Let’s change it now to about you. How did you get into RT? How did that even come about as a career option for you?
I was looking around. I wanted something in healthcare. I have a lot of family in healthcare but those areas weren’t calling to me. I had heard a lot of things. I had read a lot of things. I saw it growing up. I was thinking back to a situation I had while I was researching medical careers. I had a very sick family member. As I was telling you before, when there’s an emergency in the room, RTs are usually some of the calmest people in the room until the code team arrives.
I happened to be in the room while there was a medical emergency occurring for a family member. There was somebody at the head of the bed that was calm and talking to people about what we needed to do while they were waiting for the doctors to get there. They were calm and reassuring to everyone around them.
Even after, it was the same person that would come into the room and help my family member. They would explain what the mechanical ventilator was doing and what was going on. They were nice and calm all the time. I remember thinking, “What does that person do? Why are they so calm in these situations?” I want to learn more about that.
I fell down a little research hole and ran across respiratory therapy. The funny thing is I ended up working with that person after I graduated. It was years and years later. It was the hospital I always wanted to work at because it’s our level-one trauma center out here. One day, I walked into work and I was like, “That’s them. That’s the person. They’re still here.”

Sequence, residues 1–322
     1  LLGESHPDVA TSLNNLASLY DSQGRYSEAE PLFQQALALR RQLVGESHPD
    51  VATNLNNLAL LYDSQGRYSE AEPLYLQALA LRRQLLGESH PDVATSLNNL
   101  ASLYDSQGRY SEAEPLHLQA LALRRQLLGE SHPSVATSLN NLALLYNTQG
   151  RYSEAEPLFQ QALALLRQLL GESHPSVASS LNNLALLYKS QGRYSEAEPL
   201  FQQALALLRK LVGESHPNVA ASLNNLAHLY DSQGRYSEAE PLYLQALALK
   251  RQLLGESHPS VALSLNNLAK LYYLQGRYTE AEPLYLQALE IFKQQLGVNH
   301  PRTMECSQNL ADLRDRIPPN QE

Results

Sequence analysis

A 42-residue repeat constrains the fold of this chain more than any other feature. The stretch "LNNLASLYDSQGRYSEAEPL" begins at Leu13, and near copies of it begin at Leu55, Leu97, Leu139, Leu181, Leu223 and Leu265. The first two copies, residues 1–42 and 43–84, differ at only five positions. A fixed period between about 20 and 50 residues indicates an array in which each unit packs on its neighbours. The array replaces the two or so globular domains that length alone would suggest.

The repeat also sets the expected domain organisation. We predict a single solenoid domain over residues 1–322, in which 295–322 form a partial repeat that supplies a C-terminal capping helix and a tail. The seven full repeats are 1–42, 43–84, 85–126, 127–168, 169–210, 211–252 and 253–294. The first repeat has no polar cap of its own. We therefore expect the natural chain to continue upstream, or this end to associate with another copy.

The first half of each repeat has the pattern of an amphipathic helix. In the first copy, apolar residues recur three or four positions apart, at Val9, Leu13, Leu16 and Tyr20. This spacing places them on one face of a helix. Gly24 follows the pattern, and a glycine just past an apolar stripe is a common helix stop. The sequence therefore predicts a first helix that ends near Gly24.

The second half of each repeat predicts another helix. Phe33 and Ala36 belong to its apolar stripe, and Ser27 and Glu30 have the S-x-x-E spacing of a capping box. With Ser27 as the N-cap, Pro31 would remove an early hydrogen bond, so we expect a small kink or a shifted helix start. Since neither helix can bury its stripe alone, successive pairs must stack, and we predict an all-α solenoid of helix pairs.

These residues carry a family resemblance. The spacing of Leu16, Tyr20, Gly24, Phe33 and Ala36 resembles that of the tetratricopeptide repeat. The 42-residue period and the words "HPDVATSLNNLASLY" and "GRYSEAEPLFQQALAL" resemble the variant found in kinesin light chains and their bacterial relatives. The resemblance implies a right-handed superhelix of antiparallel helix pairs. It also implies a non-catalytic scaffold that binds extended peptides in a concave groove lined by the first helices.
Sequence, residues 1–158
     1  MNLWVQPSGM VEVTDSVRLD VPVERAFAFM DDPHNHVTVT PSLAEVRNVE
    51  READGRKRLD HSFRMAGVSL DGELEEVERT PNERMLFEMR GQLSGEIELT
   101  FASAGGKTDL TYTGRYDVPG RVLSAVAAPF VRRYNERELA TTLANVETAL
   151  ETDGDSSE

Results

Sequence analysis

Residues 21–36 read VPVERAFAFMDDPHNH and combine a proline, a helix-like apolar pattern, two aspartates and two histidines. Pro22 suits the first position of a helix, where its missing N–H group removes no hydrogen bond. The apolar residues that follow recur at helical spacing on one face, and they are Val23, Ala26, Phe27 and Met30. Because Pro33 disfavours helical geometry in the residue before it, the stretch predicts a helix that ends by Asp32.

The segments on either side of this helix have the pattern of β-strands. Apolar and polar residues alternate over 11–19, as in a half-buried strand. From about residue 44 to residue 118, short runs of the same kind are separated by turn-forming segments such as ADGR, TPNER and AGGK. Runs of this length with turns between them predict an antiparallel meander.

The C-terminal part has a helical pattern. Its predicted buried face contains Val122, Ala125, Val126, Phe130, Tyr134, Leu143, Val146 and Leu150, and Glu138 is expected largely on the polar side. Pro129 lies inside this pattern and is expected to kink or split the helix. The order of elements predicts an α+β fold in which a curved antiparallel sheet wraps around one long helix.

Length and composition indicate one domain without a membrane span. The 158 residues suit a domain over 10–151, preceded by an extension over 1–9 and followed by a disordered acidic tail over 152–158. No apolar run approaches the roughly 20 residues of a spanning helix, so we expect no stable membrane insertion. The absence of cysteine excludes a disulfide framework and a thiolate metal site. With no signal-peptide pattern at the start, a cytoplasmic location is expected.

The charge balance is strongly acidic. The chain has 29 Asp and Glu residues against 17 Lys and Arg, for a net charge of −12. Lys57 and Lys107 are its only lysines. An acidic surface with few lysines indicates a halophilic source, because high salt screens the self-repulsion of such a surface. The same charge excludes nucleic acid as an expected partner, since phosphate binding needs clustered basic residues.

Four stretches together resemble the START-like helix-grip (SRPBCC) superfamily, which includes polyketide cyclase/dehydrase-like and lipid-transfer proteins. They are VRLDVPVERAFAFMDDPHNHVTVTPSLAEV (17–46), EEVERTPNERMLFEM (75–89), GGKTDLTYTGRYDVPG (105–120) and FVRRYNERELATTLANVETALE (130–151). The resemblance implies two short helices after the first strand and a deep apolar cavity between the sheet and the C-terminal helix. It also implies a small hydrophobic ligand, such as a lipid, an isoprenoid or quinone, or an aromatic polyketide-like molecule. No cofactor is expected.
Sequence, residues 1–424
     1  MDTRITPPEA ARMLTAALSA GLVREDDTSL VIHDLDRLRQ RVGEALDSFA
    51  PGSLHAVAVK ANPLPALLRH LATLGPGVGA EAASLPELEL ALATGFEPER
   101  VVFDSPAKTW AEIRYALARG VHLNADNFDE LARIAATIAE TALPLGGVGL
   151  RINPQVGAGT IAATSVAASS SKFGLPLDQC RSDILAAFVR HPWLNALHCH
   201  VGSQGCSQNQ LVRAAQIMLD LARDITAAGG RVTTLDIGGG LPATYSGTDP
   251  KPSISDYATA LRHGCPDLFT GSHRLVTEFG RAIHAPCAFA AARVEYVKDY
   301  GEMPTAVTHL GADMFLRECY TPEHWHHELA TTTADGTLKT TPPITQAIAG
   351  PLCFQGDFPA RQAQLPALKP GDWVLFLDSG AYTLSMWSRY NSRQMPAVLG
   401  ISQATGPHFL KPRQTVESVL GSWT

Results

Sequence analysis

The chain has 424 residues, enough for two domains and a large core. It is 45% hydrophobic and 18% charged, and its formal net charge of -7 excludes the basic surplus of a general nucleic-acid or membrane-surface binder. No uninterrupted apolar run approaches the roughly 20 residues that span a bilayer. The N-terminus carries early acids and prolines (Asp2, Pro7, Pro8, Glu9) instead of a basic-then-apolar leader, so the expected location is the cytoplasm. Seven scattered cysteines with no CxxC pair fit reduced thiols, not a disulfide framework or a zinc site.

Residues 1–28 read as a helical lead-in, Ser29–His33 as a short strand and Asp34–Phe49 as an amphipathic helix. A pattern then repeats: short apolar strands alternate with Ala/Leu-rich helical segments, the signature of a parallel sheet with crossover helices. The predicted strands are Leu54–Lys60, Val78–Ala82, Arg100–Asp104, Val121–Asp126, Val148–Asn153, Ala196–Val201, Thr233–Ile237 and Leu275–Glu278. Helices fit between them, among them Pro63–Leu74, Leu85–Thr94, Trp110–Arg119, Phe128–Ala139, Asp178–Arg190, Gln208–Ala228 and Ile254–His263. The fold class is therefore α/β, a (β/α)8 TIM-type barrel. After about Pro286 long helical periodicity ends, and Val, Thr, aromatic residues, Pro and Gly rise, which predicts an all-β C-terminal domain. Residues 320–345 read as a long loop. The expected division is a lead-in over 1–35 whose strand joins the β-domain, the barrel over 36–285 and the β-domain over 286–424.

Did you tell them that they had an impact on you?
I didn’t. I was so nervous. I thought that they wouldn’t remember. I never told them. They retired a few months after I started. They retired and then they moved away. I was like, “Now, I’m never going to get to tell them.” I told other people. I’m sure they heard.A lot of your learning is going to come in those clinical rotations because most things are not in textbooks. The most important thing is being able to apply that knowledge in clinical practice. Click To Tweet
How would you describe yourself as a student though leading up to getting into RT school?
In high school, I was probably not the best student. I got everything done. I did graduate a little bit early. I was very “Let’s get it done. Get it out of the way” type of thing. In RT school, I feel like anything in healthcare, you have to study for it differently than any other type of course. Maybe that was just my experience. I felt like the studying was different, the material was different.
I had never taken courses like that. I did Anatomy and Physiology in school. That was about the extent of the body system. I didn’t do things like Physics or a lot of Chemistry. It was a lot of new information that I felt I needed to study more. I was very studious in school. We would do study groups. I was the one asking a lot of questions. I was always in the lab, practicing things and trying to get my hands on stuff because I’m a very hands-on learner. When you’re learning concepts, that can be difficult. You have to try to find a way to apply these theories and make them into something physical so you can get your hands on it and learn a little bit better. I was very involved in RT school, specifically. I was always at school.
It sounds like you were also very much into learning about that topic too. You want to learn a lot.